Please join us tonight for an evening of electoral politics under the influence at the Seattle chapter of Drinking Liberally. We meet at the Montlake Ale House, 2307 24th Avenue E. Starting time is 8:00 pm, but feel free to join some of us for an earlier dinner.

    Not in Seattle? There is a good chance you live near one of the 223 other chapters of Drinking Liberally.

    by Carl, 04/26/2011, 7:47 AM

    There are a group of state, King County people and Seattle City Council people who insist that the cost overrun provision on the tunnel is meaningless. They stand in stark contrast with Mayor McGinn, and most of the non-Seattle legislators who support the cost overruns provision. And they keep getting angrier and angrier at McGinn for keeping his campaign promise to oppose the cost overrun provision. They think (perhaps with reason) that it’s an excuse to go back on his saying he wouldn’t oppose the tunnel itself.

    But don’t believe Governor Gregoire, Exec Constantine, or any legislator or City Council member who says that Seattle won’t be on the hook for cost overruns while they keep acting like Seattle will be on the hook for those cost overruns. The state, the county especially, but also the city council all have had the opportunity to call McGinn’s bluff and instead have insisted on poisoning the well. This may be good politics, but if they want the project to go forward without the mayor trying to block it, it’s not in the interest of their policy.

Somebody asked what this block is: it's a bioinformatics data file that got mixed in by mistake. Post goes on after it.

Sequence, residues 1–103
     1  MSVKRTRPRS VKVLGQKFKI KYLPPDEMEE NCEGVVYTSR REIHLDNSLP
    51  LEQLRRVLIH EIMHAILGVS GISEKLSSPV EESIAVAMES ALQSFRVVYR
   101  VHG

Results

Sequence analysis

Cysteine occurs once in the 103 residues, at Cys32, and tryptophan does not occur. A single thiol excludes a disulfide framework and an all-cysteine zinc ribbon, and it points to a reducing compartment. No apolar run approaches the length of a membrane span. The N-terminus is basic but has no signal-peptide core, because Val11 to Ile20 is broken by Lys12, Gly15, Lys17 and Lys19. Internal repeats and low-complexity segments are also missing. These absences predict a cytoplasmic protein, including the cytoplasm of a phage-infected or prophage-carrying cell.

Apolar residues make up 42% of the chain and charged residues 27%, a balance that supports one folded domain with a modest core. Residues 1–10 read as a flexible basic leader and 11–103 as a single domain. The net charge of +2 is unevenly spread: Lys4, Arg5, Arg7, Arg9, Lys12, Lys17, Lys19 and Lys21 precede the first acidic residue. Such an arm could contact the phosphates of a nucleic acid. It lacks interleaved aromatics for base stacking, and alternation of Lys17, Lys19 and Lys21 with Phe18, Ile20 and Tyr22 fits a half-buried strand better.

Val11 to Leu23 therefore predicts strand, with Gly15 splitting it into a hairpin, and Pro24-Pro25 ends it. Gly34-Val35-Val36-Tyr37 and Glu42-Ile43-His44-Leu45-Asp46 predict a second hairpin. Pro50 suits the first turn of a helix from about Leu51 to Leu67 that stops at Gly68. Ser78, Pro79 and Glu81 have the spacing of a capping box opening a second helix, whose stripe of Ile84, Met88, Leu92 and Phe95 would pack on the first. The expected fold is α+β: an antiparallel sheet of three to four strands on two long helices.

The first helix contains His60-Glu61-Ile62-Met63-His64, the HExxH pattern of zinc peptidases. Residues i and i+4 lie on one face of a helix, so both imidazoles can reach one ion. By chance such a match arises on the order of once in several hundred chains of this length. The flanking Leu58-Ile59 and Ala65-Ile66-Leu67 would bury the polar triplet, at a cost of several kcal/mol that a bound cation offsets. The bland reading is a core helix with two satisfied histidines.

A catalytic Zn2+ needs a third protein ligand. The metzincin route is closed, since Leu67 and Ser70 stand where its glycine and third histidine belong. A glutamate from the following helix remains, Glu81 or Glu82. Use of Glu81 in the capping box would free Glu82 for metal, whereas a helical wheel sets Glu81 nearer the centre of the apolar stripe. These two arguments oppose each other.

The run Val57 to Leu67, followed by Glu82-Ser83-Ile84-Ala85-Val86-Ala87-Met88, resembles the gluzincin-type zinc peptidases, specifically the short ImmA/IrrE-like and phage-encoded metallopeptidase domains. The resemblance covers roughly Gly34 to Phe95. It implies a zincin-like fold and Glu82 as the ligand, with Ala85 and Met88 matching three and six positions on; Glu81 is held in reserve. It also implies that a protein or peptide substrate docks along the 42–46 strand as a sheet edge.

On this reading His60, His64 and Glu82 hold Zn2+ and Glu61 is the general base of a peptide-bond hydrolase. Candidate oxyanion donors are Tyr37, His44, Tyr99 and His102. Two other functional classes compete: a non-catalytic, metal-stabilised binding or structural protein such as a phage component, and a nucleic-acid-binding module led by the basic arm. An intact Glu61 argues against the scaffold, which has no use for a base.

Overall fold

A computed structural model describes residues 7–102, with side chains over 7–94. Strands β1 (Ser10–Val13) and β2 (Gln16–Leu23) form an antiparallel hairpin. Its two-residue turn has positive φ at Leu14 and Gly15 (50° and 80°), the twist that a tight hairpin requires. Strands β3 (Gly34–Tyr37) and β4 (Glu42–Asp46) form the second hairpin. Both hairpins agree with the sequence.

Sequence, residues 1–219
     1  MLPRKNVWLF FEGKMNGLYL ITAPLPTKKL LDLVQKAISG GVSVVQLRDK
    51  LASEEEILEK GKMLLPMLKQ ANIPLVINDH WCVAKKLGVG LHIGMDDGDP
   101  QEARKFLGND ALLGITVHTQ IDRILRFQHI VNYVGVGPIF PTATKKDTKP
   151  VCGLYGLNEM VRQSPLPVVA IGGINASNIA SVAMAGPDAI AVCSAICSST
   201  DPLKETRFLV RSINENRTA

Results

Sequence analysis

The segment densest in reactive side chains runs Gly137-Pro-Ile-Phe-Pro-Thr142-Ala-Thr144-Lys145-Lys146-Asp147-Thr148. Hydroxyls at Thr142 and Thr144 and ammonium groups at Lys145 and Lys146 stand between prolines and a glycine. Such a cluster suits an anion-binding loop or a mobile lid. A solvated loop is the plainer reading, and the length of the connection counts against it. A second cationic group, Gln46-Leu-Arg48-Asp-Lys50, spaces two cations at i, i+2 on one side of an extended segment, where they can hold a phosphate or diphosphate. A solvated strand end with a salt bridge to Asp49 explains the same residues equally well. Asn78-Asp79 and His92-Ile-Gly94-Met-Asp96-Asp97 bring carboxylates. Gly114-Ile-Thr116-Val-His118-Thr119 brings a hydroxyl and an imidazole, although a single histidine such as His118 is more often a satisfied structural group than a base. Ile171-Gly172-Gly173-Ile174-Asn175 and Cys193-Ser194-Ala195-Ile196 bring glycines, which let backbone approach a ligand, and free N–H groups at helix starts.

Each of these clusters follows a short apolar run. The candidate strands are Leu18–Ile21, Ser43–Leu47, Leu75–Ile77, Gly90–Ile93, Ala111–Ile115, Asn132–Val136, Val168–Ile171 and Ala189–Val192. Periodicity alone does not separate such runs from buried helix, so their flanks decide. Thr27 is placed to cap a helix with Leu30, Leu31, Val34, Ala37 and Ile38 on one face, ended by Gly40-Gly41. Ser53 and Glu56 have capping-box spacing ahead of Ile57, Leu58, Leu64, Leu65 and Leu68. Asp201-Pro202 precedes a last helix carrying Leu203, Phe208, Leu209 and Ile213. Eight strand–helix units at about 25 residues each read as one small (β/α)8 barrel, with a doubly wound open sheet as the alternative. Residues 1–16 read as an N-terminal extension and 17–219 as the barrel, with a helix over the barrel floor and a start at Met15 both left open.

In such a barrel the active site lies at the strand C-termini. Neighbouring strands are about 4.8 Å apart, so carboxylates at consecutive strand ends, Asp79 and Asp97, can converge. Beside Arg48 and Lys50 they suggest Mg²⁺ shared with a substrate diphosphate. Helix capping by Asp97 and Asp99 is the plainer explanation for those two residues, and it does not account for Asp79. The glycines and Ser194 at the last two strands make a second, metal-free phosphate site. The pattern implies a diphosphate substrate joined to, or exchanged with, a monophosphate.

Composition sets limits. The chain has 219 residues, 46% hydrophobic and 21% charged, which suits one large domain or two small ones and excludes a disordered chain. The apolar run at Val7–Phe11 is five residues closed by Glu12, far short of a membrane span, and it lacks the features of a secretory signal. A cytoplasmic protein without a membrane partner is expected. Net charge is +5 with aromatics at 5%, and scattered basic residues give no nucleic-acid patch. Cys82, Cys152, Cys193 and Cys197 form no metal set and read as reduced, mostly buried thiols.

A quick recap: a few weeks before the mayoral election, the city council passed an ordinance that McGinn felt (or said at the time he felt) hemmed Seattle into the tunnel option. As such, he announced that since he couldn’t stop the tunnel he would still oppose the provisions that put Seattle on the hook for cost overruns. In this environment, McGinn went on basically doing what he said he would do until Richard Conlin illegally signed the draft Environmental Impact Statement. From that point on, McGinn took a much harder line, including vetoing a tunnel ordinance, and supporting initiatives to put the tunnel itself to a vote. Still, publicly, his position throughout has been that if the city doesn’t have to pay cost overruns, he’ll get out of the way. The state has lied to Seattle about the project repeatedly.